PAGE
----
More women are opting to remove both breasts when cancer is found in only one.
The proportion of patients aged 45 and older who had contralateral prophylactic mastectomies rose from 3 percent in 2004 to 10 percent in 2012, according to a published in JAMA Surgery.
Among women aged 20 to 44, it jumped from 10 percent to 33 percent.
Removing the unaffected breast does of cancer in that breast. However, for women at average risk, the chance of cancer developing in the other breast is small.
In addition, the surgery to help those women live longer.
So, why do they do it?
As genetic testing becomes more common, we know more than ever about our health risks.
BRCA1 and BRCA2 genetic mutations are associated with increased risk of breast and other cancers. Testing helps women understand the risks of developing specific types of cancer, as well as whether they can pass the mutations on to their children.
It also helps in choosing treatment options or taking preventive measures.
One of those preventive measures is prophylactic mastectomy.
For women who carry the BRCA mutations or have a strong family history of breast cancer, the surgery may reduce the risk of developing breast cancer by .
Testing is one thing. Interpreting the results is another.
A recent of more than 2,000 newly diagnosed women found that half who had a double mastectomy after genetic testing didn’t actually have mutations that increase the risk of additional cancers.
They had variants of uncertain significance (VUS), which are often harmless.
About half the women who had genetic testing never spoke to a genetic counselor about the results.
Between one-quarter and one-half of breast cancer surgeons surveyed said they treat women with VUS the same way they treat women with known cancer-associated mutations.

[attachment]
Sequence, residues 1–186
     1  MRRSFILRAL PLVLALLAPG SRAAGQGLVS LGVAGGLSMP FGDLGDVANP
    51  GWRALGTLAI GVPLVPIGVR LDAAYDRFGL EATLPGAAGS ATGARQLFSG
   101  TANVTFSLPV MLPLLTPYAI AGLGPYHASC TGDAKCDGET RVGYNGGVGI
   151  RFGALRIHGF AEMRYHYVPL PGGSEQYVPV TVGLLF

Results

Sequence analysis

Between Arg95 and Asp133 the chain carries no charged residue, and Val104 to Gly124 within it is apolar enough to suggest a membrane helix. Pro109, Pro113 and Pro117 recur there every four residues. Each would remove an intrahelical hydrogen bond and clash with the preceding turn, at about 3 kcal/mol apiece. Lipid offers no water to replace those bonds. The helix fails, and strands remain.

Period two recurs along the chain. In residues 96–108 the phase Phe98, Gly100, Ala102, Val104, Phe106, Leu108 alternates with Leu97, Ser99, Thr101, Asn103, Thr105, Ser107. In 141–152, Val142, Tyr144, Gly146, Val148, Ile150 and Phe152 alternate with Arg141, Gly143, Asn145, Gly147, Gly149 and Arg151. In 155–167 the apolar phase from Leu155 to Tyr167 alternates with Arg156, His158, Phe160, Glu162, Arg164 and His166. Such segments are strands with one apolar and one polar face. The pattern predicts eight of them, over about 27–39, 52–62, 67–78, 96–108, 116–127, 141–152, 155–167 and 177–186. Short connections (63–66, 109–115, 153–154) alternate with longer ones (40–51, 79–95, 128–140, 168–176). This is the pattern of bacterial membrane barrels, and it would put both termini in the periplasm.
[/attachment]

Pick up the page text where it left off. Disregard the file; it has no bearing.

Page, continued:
Some women have the surgery before they ever get the results. Or before being tested at all.
Why they do it
At 45 years old, Charlotte Gajewski of Texas was diagnosed with stage 0 DCIS.
“It sounded simple enough,” she wrote in an email to Healthline. “But after two lumpectomies, they continued to find more positive margins with cancer cells speckled throughout my breast in a shotgun pattern.”
She tested negative for the BRCA genetic mutations and had no family history of breast cancer.
An MRI of the unaffected breast revealed a flat tumor. It was non-threatening but would need to be monitored.
“So I elected to have a mastectomy and, ultimately, a bilateral mastectomy,” said Gajewski.
Her doctor explained the pros and cons of the surgery. Her only hesitation was whether or not to spare the nipple on the unaffected breast.
She chose radical mastectomy on both so she wouldn’t have to live with doubts and fears of recurrence.
She’s happy with her decision but says she has no feeling or sensation across her entire chest, which is both annoying and a constant reminder of what she went through.
“What sounded like a simple and ‘dream’ diagnosis turned into quite a fiasco for me. But life is good now and I am healthy and joyful every day,” said Gajewski.